"Congo Baskets" being woven by African Americans in the Sea Islands of South Carolina
South Carolina Date:1916 Duration:2 min 4 sec Sound:NO SOUND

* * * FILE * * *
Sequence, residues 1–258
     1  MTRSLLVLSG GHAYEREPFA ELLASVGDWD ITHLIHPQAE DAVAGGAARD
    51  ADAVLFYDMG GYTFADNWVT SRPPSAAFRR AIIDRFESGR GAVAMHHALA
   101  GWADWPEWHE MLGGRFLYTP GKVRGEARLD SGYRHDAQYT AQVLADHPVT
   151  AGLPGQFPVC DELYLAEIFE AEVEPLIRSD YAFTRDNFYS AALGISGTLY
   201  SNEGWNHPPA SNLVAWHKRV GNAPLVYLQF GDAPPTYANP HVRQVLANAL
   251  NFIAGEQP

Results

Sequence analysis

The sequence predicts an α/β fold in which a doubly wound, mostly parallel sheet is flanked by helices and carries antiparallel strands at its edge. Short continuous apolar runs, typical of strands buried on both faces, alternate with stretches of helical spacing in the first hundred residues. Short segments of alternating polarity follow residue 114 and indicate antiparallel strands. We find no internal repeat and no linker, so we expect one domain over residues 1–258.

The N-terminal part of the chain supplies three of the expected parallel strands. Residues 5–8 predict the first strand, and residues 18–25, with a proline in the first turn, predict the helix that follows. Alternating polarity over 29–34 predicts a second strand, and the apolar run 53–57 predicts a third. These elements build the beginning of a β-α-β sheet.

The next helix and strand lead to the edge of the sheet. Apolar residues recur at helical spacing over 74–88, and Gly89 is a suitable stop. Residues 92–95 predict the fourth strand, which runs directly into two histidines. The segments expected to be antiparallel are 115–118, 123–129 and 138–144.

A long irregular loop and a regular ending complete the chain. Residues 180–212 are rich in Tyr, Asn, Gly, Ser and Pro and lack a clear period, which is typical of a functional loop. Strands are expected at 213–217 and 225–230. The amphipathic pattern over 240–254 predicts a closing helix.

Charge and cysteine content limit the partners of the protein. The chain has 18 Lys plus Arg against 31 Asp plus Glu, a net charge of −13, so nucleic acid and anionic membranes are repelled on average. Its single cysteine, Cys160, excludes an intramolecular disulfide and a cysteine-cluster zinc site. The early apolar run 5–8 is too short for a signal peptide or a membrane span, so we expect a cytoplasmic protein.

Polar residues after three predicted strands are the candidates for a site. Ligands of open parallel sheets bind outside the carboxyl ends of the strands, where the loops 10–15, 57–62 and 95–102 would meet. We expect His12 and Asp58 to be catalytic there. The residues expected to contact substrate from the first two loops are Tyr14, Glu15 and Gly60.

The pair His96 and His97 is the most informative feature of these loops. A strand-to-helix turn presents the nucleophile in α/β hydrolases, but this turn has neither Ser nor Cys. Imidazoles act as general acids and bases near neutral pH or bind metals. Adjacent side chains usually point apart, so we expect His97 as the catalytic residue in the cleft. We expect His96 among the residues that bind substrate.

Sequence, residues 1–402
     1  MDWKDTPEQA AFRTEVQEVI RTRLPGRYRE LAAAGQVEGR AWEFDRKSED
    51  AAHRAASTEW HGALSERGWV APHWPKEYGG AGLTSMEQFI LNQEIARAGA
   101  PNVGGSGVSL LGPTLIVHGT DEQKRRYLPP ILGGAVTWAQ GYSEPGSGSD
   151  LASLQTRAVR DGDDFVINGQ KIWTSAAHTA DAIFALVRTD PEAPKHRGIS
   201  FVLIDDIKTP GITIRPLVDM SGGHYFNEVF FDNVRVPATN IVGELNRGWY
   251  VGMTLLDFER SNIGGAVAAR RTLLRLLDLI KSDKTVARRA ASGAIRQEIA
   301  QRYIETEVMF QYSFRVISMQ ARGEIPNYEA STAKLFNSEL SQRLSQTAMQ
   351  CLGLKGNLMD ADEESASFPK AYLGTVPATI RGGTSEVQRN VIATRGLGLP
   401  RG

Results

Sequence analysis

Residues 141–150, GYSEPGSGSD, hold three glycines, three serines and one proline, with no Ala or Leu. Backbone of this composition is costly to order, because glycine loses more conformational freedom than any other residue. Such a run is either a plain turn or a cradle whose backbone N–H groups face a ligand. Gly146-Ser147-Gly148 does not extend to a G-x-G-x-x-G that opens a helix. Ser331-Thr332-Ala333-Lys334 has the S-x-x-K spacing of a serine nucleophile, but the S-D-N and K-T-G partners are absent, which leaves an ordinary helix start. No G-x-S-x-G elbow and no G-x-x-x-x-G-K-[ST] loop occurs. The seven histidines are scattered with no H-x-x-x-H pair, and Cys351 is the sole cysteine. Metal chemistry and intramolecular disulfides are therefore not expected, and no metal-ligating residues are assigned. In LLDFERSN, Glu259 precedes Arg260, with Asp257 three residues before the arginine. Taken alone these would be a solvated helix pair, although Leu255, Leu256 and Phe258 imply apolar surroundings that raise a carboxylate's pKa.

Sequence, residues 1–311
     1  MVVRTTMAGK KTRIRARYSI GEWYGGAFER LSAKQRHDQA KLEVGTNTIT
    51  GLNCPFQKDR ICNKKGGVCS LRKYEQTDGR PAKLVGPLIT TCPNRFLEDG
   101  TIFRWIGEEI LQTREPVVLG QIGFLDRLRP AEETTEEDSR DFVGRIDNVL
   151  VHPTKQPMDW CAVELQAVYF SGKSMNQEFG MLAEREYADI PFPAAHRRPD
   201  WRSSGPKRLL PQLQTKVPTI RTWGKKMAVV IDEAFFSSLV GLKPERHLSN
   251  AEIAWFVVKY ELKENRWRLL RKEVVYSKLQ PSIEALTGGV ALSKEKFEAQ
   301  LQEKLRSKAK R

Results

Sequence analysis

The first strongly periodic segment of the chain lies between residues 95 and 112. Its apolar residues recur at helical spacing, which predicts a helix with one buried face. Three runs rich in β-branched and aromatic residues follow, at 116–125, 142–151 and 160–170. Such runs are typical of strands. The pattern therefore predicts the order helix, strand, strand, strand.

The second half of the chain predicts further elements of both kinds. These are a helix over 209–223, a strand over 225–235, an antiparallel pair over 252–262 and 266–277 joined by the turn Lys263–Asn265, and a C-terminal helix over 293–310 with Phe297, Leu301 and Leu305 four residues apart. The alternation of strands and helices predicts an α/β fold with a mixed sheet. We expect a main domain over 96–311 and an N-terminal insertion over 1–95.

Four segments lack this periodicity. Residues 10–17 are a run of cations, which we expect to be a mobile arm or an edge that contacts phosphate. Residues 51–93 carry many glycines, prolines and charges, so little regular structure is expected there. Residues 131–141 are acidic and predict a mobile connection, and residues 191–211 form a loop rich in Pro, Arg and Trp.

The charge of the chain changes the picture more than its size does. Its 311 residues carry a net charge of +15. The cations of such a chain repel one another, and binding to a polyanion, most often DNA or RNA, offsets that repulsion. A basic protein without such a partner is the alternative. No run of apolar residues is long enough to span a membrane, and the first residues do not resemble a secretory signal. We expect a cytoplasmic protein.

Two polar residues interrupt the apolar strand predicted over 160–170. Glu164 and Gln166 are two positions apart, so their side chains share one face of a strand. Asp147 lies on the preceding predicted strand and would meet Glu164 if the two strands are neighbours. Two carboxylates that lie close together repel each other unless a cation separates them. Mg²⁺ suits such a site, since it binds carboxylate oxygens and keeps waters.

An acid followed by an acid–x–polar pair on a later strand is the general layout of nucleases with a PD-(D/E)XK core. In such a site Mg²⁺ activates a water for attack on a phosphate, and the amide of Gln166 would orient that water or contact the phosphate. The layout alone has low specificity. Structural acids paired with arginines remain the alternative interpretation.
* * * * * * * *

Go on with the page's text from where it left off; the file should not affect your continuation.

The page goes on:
Film opens showing members of an African American family seated on the porch of their house in the Cooper River District of South Carolina. They are all engaged, including the father, in weaving, what in those days were called, "Congo Baskets." (The grass used by these basket makers is indigenous to the Cooper River District, and not found elsewhere. But the same type of baskets are made in various parts of Lowcountry Africana, associated with the Geechee-Gullah culture in the Sea Islands of South Carolina and Georgia.) As the basket makers work, a man, with a pig on a leash, walks slowly past the busy family. In the next scene, while others continue working on their baskets, the man deftly cuts Palmetto leaves into strips that are used to sew the baskets. Next, the camera focuses on individual workers showing their dexterity and skill as they work. In the final scene, the man examines and displays finished baskets of several different designs.
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